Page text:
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An insight into a not uncommon view of the crisis in other parts… April 7, 2020

Posted by WorldbyStorm in Uncategorized.

A fairly stunning piece this from the New Yorker, an interview with one of those holding the view that the virulence and severity of the current crisis and the virus was overstated – a view that according to the article circulated all the way to the Trump White House. A view, almost needless that dovetails with the political right, albeit in this instance from the libertarian conservative right. But perhaps the most interesting aspect is about two-thirds the way in when in instance after instance the actual factual basis of the assertions being made are questioned and yet the person making them takes great umbrage at any criticism. And yet, and I am open to correction, I look in vain for any expertise in matters epidemiological.


1. makedoanmend - April 7, 2020

A somewhat amusing ancedote. When walking to work (solo worker) at 6 am I was about to pass by a fellow worker on the street when he let out a sneeze without in any way attempting to cover his mouth. It frooze me in my path. Confused, I decided to reverse course and await for him to get in his van and drive away. The amusing part was the look he drew me for avoiding his personal space – or I found it kind of amusing for both my immediate reaction and then his reaction.

It really doesn’t take much change in daily routines for people to begin draw different conclusions about social interactions.

And I can’t help wondering if we were hit with a more virulent virus, one that had a more exponential infection rate, what would happen to the very fabric of our societies.

Liked by 1 person

WorldbyStorm - April 7, 2020

Nothing good.

That’s interesting your anecdote. Seen a bit of that too. People’s responses are odd. Back around the week before St. Patrick’s Day I was at a meeting and there was a guy there I didn’t know and he made to shake my hand. I smiled but said, probably best not to. And he was kind of okay but you could see he kind of wasn’t.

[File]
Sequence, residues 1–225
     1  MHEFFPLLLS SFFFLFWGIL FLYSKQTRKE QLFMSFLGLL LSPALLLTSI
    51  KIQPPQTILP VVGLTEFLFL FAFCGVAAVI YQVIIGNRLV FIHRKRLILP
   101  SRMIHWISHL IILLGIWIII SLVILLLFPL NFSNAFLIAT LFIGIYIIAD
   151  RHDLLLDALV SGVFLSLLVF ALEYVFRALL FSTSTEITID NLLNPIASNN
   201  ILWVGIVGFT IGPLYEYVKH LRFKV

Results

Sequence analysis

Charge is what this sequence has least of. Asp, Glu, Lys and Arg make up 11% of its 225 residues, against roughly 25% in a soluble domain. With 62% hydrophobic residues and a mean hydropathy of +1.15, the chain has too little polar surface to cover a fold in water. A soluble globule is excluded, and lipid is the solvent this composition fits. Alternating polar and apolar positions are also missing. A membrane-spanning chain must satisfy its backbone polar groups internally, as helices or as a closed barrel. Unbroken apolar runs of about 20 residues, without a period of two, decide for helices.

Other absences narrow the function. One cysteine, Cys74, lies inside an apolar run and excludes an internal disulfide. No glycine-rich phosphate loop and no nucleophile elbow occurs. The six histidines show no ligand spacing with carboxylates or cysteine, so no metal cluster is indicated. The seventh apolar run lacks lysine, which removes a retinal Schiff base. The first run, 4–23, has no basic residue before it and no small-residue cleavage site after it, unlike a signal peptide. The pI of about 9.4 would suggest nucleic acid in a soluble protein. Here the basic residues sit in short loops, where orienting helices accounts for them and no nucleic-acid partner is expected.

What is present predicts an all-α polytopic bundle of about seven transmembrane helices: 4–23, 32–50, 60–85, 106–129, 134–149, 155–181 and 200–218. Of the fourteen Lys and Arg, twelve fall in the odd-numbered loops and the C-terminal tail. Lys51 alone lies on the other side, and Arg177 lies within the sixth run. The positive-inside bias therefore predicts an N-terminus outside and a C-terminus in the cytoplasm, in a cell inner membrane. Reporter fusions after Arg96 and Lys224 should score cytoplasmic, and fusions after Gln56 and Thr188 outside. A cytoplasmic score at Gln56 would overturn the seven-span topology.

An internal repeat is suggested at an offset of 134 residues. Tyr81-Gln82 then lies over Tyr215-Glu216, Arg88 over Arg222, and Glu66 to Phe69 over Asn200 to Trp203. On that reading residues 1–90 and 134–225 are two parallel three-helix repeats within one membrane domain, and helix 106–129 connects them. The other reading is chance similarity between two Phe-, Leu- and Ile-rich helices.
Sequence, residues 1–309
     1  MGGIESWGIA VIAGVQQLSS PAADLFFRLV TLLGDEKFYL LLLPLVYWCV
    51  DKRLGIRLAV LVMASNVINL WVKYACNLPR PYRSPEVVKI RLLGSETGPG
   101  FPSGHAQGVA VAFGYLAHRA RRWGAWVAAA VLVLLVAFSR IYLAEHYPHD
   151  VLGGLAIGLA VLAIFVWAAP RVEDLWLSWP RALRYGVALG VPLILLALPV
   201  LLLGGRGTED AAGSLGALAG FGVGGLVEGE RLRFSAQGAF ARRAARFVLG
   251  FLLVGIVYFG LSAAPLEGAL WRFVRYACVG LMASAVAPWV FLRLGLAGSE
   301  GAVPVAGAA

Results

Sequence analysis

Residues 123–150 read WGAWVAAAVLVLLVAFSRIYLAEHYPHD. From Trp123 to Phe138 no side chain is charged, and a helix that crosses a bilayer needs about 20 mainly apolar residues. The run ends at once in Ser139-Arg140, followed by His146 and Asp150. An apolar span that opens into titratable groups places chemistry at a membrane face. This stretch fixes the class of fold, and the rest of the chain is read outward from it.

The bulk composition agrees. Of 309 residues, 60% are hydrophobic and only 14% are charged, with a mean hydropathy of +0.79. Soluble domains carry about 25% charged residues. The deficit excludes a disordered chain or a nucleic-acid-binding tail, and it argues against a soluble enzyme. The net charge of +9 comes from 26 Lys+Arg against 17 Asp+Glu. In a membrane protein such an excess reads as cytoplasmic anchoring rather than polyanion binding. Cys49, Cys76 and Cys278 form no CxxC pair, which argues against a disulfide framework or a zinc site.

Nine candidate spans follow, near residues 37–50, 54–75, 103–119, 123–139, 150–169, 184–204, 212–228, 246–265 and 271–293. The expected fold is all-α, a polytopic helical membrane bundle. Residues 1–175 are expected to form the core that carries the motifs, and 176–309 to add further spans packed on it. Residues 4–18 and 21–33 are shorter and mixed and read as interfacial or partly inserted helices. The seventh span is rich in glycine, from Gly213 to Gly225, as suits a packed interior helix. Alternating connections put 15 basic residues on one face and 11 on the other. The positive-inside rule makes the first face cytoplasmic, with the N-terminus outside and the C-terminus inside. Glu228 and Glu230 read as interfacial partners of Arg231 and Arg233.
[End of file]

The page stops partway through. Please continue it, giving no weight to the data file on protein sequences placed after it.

What’s even madder is the week before that I had a fair few meetings with people who had no hesitation in shaking hands.


2. Bartholomew - April 7, 2020

From the interview, on modellers of epidemics:

‘Their great weakness is understanding general-equilibrium theory.’

Ah yes, of course. He thinks that without intervention, an equilibrium will be reached between the virus and the human hosts, that that will happen in a matter of months, and that we should allow that to happen. Historically, that’s not at all the case, most diseases were eliminated or contained through human action. The equilibrium is the same equilibrium that is reached between people and food in a famine – after everybody’s dead of course.

Liked by 1 person

WorldbyStorm - April 7, 2020


It’s amazing how happy he is to give not just opinions but assertions of what he purports to be fact in areas that others clearly indicate he is not well positioned to do so.


makedoanmend - April 7, 2020

That quote about you cite about equilibrium is what depresses me most right now. Yesterday I was trying to express just this departure between the policies forwarded by the dominant political-economic pundits versus the hard science that needs to be practiced based upon advice from epidemiologists and health officials, but I really couldn’t express myself well.

We as a species have a very good grasp of epidemiology with regard to contagion identification, vector identification, estimating growth rates and proposing concrete steps like quarantining. However, science does not have perfect information, so therefore can’t tailor a specific response to every specific viral outbreak. We certainly do not have near enough information about viral mutation or how it might lay dormant within populations. Animal physiology combined with the complexities of contagions make for far too many permutations to be simplified with something as asinine as equilibrium theory. When we add in the sheer complexity of human interaction in our deeply integrated economies and all the multiplicity inherent in points of contact, we have to wonder why someone would try to simply the complexity with such theoretical rubbish. Jaysus wept.